By Christopher Zoukis
Probation officials in Contra Costa County will have a lot more on their plate in the new year after political leaders in the East Bay California jurisdiction decided they would provide refunds to families who, going back to 2010, were incorrectly billed for the county’s costs in incarcerating their children.
Until last year, California law allowed parents of jailed juveniles to be billed for the costs to counties of incarcerating their offspring. According to the Marshall Project, a nonprofit news organization that has researched and written about the practice, the state juvenile systems in at least 19 states recoup costs by billing inmates’ parents or guardians. In at least 28 other states, including California, the bill comes from a county agency, rather than from the state.
The apparent philosophy for allowing parents to be billed for the cost of incarcerating their children was a belief among lawmakers that imposing that liability would encourage parents to supervise their children more carefully. But growing opposition to the practice argues that it amounts to punishing parents with four or five-digit debt at a time they are likely to need to devote their full resources to their children’s defense.
The situation changed in California on Oct. 11 last year, when Gov. Jerry Brown signed a package of criminal justice reform bills. One of those measures (SB 190), which ended parental liability for costs of incarcerating their minor children, such as transportation to a juvenile facility, food, shelter, care and other support — including alcohol or drug education — and court-ordered legal services, probation, electronic monitoring or home supervision services.
Until the new law’s enactment, counties in California had generally billed parents about $30 per night of incarceration for basic services, with additional costs if public defender, drug testing or probation services were ordered by a juvenile court. Even while California had permitted parents to be billed, they were not supposed to have to pay if their child was eventually found not to be guilty of the charged offense. But counties often ignored that provision of the law.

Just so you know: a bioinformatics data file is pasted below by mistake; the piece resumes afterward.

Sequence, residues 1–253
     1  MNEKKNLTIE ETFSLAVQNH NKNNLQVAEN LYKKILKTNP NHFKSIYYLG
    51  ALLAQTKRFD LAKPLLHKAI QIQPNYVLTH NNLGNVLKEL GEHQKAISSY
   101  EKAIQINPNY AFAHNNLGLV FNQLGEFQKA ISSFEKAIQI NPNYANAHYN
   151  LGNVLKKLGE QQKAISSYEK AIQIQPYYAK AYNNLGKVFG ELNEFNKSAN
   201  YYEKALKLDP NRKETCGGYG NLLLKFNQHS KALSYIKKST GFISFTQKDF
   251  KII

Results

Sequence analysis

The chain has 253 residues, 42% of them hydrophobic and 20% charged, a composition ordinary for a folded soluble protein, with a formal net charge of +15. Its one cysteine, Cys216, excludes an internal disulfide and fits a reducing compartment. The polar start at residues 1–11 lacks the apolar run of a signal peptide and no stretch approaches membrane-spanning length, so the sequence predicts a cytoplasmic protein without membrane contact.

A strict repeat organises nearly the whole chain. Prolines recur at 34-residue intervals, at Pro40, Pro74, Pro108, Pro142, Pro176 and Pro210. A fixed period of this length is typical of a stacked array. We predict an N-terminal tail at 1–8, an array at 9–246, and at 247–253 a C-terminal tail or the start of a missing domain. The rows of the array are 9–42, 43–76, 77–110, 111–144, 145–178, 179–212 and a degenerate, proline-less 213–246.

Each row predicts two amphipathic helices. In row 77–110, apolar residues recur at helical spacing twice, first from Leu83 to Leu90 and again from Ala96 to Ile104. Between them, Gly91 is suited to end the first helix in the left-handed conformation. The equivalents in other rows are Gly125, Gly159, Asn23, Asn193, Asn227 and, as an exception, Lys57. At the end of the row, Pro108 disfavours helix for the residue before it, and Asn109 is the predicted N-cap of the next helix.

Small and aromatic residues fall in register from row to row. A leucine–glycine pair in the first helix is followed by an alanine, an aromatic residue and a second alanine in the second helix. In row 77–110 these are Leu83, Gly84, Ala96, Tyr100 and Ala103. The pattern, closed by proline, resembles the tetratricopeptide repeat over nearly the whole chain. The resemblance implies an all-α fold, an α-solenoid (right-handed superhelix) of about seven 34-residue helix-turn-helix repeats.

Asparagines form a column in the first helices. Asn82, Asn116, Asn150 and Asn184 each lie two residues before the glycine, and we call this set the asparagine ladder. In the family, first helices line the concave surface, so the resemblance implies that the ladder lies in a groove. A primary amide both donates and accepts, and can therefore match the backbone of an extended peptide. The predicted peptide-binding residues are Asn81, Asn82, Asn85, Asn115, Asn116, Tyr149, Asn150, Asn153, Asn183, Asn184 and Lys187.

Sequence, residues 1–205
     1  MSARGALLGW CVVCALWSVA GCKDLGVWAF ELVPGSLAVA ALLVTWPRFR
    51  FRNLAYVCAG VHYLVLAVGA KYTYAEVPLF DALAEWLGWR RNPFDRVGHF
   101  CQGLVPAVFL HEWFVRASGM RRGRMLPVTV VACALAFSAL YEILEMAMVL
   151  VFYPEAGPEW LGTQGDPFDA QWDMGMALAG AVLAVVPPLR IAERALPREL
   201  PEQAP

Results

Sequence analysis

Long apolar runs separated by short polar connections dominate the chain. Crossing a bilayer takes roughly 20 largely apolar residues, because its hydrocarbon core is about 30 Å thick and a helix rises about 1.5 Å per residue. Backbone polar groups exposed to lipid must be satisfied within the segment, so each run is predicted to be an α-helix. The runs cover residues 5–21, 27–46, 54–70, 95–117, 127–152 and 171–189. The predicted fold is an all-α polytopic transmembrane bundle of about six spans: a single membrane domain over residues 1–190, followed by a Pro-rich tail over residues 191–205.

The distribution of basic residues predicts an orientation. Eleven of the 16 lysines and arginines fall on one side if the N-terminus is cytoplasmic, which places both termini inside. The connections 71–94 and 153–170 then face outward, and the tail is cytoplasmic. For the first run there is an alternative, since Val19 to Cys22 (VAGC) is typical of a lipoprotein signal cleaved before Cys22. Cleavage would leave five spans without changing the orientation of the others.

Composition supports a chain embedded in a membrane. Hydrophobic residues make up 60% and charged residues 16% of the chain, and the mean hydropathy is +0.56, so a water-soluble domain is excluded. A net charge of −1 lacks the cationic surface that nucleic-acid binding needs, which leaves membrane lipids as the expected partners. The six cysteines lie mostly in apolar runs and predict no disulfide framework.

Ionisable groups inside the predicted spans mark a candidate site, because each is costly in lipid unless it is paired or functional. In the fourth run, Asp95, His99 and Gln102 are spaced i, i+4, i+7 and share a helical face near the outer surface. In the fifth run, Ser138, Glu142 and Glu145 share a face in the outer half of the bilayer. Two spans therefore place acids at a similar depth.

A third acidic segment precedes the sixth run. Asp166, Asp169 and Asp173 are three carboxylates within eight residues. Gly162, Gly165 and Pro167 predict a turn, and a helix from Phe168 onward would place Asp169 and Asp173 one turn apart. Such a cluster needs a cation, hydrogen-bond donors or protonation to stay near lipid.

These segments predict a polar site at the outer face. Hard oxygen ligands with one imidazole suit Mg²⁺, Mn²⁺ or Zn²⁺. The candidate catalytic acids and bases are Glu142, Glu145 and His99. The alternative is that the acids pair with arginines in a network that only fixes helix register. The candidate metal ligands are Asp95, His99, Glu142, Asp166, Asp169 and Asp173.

Contra Costa County was more than a little bit ahead of the curve. It stopped billing parents even before the new state law was passed. Its probation department, which has been going through its back records for several months, is now trying to locate and notify parents in some 3,000 cases it believes are due refunds for payments made since 2010. The county estimates it will reimburse about $316,000 in total.
The county is also setting up a process to enable parents to file claims if they believe they were unfairly charged in years before 2010, or that the billing was unfair or unlawful in some other way, even if their child was not found to be not guilty – for example, if billing did not, as legally required, allow them to show their income was so low that they should not have been billed. The county is also taking the added step of erasing over $8.5 million in outstanding debt from about 11,000 other cases.
Christopher Zoukis is the author of Federal Prison Handbook: The Definitive Guide to Surviving the Federal Bureau of Prisons, College for Convicts: The Case for Higher Education in American Prisons (McFarland & Co., 2014) and Prison Education Guide (Prison Legal News Publishing, 2016). He can be found online at ChristopherZoukis.com and PrisonerResource.com.